In a previous article, “Massachusetts Legislature Considers Unemployment Insurance Reform and Minimum Wage Increase,” we outlined the Massachusetts House and Senate’s separate plans to increase the minimum wage and reform the unemployment insurance system. With the end of the legislative session in sight, House and Senate leaders have agreed to a compromise bill that both increases the minimum wage to $11 an hour and reforms the unemployment insurance system to provide the system with more stability.
On June 12, 2014, the Senate voted 35-4 in favor of legislation that raises the minimum wage to $11 an hour by 2017. The wage will be raised $1 from the current $8 an hour every year, starting on January 1, 2015 so that the wage will be $9 an hour in 2015, $10 an hour in 2016, and $11 an hour in 2017. Unlike earlier proposals in the Senate, this bill does not index the minimum wage to inflation, making a future fight over the wage more likely. The compromise bill also increases the minimum wage for tipped employees from $2.63 to $3.75 an hour, which is significantly lower than in earlier legislative proposals. Additionally, the minimum wage for agricultural and farming workers was raised from $1.60 to $8 an hour.
Under the proposed bill, over 575,000 Massachusetts workers will get a raise. Senator Dan Wolf (D-Harwich) argued that the bill will act as an economic stimulus that will put an average of $6,000 in the pockets of minimum wage earners that they will then put back into the economy.
On June 18, 2014, the House voted 124-24 in favor of the bill, which will give Massachusetts the highest minimum wage in the country. The bill was signed by Governor Patrick on June 26, 2014.
Democratic legislative leaders correctly hoped that this bill is enough to stave off a ballot initiative that would raise the minimum wage to $10.50 an hour indexed to inflation. On June 23, 2014, Raise-Up Massachusetts, the primary sponsor of the ballot initiative, said that it is no longer necessary given the legislative action.
The compromise also reforms unemployment insurance by adjusting the rates paid by businesses to cover benefit costs for the jobless, which aims at avoiding steep increases in rates. There will be lower costs for employers with stable workforces.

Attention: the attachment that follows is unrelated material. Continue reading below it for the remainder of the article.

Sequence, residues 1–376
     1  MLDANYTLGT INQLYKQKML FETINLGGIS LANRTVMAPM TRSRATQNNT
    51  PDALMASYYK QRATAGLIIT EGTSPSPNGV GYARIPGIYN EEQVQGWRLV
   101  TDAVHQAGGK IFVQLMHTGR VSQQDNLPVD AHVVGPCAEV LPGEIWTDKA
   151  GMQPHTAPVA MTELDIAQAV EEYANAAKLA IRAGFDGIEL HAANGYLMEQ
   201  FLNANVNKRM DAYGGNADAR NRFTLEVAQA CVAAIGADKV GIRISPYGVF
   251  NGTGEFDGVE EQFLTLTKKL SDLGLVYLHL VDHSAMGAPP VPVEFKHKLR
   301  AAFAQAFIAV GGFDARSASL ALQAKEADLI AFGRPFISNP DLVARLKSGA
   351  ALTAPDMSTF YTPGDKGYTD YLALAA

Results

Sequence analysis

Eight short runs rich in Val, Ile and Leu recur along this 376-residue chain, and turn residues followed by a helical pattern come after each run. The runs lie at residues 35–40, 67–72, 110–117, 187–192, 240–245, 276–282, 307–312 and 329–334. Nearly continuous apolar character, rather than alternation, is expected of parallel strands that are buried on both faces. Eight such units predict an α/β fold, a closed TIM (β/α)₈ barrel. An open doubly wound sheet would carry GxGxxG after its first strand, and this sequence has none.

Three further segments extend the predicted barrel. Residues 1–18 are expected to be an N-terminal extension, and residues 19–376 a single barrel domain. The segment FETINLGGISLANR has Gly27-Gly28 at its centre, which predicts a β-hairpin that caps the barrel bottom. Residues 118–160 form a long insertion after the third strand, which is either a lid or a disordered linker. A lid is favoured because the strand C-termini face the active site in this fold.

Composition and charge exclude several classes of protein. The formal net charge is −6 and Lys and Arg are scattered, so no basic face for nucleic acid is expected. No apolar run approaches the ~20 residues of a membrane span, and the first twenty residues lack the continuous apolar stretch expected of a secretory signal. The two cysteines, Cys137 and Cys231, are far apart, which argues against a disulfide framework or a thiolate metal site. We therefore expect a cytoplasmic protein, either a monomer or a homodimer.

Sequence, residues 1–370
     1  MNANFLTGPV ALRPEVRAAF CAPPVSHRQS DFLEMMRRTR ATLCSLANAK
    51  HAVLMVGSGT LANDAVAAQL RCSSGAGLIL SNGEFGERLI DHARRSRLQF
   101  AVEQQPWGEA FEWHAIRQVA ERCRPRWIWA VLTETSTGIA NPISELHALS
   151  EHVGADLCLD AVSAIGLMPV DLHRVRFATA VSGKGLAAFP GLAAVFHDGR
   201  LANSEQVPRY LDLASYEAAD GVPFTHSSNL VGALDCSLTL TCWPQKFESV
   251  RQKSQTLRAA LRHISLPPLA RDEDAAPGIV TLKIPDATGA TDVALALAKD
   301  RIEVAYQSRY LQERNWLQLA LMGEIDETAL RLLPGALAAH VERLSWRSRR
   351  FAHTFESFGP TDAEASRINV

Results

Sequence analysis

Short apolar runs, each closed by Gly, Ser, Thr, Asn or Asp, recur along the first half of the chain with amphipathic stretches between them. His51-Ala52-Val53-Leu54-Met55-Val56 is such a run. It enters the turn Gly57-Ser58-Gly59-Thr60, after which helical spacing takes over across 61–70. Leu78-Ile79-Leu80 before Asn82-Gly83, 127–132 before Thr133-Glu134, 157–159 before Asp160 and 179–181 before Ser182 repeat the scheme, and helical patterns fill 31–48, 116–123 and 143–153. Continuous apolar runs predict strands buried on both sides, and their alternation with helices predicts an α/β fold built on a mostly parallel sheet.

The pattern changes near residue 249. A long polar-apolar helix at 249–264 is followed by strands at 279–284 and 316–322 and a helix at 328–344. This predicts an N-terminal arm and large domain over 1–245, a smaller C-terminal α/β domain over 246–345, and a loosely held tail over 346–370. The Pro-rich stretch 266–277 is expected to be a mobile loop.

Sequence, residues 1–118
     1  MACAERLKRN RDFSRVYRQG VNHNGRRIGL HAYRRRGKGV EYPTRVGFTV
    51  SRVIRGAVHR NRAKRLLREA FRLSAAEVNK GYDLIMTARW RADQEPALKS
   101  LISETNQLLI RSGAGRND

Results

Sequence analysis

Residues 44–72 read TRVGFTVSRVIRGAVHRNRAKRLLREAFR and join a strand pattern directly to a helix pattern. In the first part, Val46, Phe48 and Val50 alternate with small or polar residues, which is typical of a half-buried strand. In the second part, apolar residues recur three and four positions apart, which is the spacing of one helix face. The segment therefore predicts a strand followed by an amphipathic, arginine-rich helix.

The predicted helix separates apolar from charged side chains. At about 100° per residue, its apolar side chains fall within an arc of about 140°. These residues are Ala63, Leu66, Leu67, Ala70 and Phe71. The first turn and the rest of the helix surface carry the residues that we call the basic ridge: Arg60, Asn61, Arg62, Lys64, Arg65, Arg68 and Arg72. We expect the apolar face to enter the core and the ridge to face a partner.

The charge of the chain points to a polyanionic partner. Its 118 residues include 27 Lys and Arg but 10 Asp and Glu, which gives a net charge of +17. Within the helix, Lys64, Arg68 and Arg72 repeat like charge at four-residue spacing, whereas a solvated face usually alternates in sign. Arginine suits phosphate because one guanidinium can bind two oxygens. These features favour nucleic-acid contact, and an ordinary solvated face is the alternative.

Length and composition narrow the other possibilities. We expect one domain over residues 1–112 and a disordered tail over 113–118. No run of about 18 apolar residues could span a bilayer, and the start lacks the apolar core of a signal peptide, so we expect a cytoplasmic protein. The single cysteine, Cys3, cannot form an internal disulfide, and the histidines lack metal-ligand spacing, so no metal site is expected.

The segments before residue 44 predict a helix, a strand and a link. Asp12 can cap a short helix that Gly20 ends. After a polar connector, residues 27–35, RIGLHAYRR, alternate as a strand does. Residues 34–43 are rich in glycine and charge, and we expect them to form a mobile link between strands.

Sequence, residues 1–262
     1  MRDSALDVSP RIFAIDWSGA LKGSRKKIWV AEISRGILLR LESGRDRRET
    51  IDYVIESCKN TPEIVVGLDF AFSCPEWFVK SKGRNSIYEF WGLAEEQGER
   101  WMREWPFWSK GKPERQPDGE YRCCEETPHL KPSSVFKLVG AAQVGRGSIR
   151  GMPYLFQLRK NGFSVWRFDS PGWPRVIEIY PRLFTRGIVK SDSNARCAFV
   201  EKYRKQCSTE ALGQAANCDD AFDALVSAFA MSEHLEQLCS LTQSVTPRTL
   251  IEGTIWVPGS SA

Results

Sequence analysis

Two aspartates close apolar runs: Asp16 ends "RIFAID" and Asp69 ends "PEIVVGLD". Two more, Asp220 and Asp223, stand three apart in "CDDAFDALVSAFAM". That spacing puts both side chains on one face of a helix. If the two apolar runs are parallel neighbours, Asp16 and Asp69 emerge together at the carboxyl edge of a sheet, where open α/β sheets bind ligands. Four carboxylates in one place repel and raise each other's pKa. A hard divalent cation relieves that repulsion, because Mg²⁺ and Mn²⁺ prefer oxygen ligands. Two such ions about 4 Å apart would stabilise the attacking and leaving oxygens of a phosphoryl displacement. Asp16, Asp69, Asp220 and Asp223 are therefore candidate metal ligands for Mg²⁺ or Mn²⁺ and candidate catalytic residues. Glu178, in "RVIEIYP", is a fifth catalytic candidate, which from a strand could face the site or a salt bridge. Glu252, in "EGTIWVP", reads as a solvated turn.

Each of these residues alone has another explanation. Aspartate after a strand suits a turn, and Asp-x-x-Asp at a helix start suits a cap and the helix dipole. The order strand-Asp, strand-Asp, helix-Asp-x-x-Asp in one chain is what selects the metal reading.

In addition to the minimum wage and unemployment insurance reform, the House passed an economic development package on Wednesday, June 16. The bill, which passed 125-23, includes $10 million for brownfield redevelopment, $15 million for a middle skills job training fund, job boosting efforts for Gateway Cities, and a Big Data Innovation and Workforce Fund, which focuses on analytics and data-based industries. Notably, the bill omitted Governor Patrick’s proposed reforms of eliminating non-compete agreements and putting more power over the issuance of liquor licenses into the hands of municipal governments.
The House also voted 132-13 to create a sales tax holiday weekend from August 16-17 this year. The Legislature has enacted this holiday in every year except for 2009. Last year, the state lost an estimated $24.6 million in revenue because of the holiday. A voice vote rejected a Republican move to make the holiday permanent. While the House then rejected a meals tax holiday, they agreed on a vote of 102-37 to study the issue.
The Senate is expected to release their economic development bill imminently.
Finally, the Senate passed a $1 billion bond bill that authorizes financing for an expansion of the Boston Convention and Exhibit Center, which will double its convention and exhibition space. The bonds for this bill will be funded from existing tourism taxes. A provision in the bill allows for the treasurer and secretary of administration and finance to increase the Boston hotel room tax to 14 percent, if the funding to pay off the debt does not come through. The House previously passed a bill to expand the Convention Center.
According to Senator Brian Joyce (D-Milton), the predictions of 2,100 new permanent jobs might be overly optimistic. Senate President Therese Murray said that the expansion will “allow more events, both national and international to come to Massachusetts and help to firmly place ourselves in a cutting-edge world economy” because the state’s current convention centers, facilities, and hotel space pale compared to other states.